3D Sensing Defining Requirements for Electrical Test of Optical Devices

3D sensing augments a camera's object & facial recognition.

3D sensing is a depth sensing technology that augments camera capabilities for facial and object recognition in augmented reality, gaming, autonomous driving and a wide range of applications.

  • One way to sense 3D is using structured light. Coherent infrared light is transmitted onto an object with a structured pattern. The reflected light can be decoded to construct a 3D image.
  • Another way to sense 3D is to use Time of Flight (ToF). A light source transmits a series of infrared light and the photon phase difference to the light bounced off an object is used to sense the proximity of an object.




Diode-based optical devices enable 3D sensing.

Diode-based devices such as laser diodes, high brightness LEDs (HBLED), and photodiodes (PD) are key optical devices that enable 3D sensing.

  • Laser diodes are capable of outputting a narrow and coherent light beam. Two common types of laser diodes are edge emitter laser (EEL) and the fast-growing VCSEL (vertical cavity surface emitting laser). VCSEL combines the advantage of low cost manufacturability, optical efficiency, temperature stability, and large 2D arrays for increased power. EEL operates at a higher frequency that can travel hundreds of miles without loss in a fiber medium commonly for optical communication.
  • HBLEDs or LEDs disperse incoherent light in a wide pattern. They are the most efficient source of high quality white light, hence great for illumination. Efficiency droop, limited modulation capability, and resolution make them only suitable for some applications.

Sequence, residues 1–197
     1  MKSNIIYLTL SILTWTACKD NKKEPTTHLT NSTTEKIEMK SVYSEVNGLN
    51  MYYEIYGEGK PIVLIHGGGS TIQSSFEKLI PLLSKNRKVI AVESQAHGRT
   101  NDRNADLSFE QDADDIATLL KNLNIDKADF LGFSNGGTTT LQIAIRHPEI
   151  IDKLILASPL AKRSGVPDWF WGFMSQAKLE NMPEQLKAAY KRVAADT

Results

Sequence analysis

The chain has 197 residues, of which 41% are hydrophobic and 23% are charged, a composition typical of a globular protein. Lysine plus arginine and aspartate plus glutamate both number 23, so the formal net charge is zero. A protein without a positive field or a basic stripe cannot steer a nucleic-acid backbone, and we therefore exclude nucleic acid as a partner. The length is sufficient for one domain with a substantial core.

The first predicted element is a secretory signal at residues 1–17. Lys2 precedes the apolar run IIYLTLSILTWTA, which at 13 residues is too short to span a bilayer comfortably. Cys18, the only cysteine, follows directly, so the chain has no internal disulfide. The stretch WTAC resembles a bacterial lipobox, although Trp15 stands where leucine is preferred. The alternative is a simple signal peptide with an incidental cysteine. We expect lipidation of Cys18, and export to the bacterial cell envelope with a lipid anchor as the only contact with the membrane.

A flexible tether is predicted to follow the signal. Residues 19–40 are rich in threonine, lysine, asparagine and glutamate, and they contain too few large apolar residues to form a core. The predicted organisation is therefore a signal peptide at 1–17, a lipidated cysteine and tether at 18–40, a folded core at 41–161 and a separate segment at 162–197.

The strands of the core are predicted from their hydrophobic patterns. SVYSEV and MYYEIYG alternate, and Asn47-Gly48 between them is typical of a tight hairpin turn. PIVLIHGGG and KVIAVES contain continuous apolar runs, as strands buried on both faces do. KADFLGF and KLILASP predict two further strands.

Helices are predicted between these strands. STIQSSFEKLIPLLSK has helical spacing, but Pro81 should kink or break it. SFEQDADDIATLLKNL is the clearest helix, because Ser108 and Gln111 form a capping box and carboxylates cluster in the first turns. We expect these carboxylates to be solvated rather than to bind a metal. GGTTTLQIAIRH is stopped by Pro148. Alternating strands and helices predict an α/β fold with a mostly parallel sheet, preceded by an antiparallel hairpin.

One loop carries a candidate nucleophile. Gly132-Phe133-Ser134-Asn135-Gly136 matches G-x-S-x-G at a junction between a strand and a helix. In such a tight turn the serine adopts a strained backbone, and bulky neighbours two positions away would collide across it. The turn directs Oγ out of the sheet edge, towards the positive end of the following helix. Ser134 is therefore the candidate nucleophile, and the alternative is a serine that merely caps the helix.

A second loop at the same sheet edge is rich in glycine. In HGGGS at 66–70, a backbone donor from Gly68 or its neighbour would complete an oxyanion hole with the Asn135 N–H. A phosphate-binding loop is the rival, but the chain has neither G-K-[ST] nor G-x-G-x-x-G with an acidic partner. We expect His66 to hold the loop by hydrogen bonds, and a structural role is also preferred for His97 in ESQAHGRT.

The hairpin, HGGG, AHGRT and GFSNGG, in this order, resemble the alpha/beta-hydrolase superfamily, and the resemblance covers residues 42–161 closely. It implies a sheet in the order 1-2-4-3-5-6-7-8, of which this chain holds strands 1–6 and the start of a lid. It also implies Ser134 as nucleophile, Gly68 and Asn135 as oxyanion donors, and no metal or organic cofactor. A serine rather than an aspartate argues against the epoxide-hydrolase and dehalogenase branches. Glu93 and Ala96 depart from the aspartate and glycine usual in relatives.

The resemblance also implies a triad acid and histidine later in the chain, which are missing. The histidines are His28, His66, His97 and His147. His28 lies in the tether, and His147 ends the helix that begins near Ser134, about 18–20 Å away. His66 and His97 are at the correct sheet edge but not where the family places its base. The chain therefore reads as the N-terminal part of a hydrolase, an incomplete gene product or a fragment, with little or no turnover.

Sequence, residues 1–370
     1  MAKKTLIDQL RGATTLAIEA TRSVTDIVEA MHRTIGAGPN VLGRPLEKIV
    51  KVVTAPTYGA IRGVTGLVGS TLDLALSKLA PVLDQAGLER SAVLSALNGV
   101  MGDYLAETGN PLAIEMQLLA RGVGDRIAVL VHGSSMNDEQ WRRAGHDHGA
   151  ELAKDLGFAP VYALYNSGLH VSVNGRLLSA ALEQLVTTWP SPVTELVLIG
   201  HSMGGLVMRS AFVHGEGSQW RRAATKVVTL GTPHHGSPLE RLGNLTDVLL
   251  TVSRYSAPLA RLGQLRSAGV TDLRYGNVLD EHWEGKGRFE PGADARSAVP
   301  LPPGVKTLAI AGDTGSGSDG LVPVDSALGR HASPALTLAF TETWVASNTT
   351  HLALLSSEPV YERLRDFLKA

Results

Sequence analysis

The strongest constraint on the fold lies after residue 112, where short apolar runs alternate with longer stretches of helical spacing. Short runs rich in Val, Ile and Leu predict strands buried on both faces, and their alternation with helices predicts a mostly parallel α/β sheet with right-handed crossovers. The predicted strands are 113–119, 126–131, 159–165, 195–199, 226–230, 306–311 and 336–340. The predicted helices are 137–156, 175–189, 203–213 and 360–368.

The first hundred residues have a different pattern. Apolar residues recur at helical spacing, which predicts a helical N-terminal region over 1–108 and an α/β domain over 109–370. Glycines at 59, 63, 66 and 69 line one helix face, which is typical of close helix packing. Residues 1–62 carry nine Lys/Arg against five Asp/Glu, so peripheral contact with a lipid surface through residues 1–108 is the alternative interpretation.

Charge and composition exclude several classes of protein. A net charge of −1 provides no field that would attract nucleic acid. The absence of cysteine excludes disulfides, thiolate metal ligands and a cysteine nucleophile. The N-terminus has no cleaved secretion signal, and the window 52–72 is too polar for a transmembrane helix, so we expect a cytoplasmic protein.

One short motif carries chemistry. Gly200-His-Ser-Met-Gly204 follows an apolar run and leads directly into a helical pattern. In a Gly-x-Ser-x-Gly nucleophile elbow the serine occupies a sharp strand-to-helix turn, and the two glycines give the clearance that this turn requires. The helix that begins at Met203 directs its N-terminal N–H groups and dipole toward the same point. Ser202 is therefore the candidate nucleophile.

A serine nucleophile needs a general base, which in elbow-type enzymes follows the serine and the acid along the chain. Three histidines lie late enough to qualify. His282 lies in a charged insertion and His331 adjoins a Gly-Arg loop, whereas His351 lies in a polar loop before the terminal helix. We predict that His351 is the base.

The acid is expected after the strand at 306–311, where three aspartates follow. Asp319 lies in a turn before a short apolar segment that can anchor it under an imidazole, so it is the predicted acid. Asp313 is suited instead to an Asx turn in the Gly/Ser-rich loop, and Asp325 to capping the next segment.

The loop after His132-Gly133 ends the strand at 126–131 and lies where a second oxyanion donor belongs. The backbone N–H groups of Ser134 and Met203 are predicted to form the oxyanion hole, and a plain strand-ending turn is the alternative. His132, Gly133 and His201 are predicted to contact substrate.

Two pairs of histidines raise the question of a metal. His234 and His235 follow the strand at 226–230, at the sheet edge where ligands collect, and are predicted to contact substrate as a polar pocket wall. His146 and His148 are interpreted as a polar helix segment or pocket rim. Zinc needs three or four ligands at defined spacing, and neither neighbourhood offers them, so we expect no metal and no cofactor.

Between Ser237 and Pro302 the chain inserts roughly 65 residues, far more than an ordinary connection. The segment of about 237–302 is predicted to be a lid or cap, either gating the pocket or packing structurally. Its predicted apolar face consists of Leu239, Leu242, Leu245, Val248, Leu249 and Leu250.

• PDs detect and convert light into current. Very sensitive instruments for low PD current measurement are required to characterize the full range light intensity of the light source properly.


Keithley instruments perform electrical testing on diode-based devices.

Wavelength stability over the entire operating temperature of these devices is critical to maintaining precision and minimize noise in received signals. Electrical efficiency measurement through precision trigger and synchronization of pulse width and duty cycle further optimize the required intensity and resolution of illumination. These directly impact the heat dissipation, power consumption, and battery life of the end system.

Keithley has an extensive portfolio of instruments for electrical tests, including light intensity, forward voltage, lasing threshold current, quantum efficiency, dark current, the presence of “kink” or kink test, slope efficiency, thermistor resistance, temperature, capacitance, and the full spectrum of L-I-V pulse testing of laser diodes and HBLEDs.

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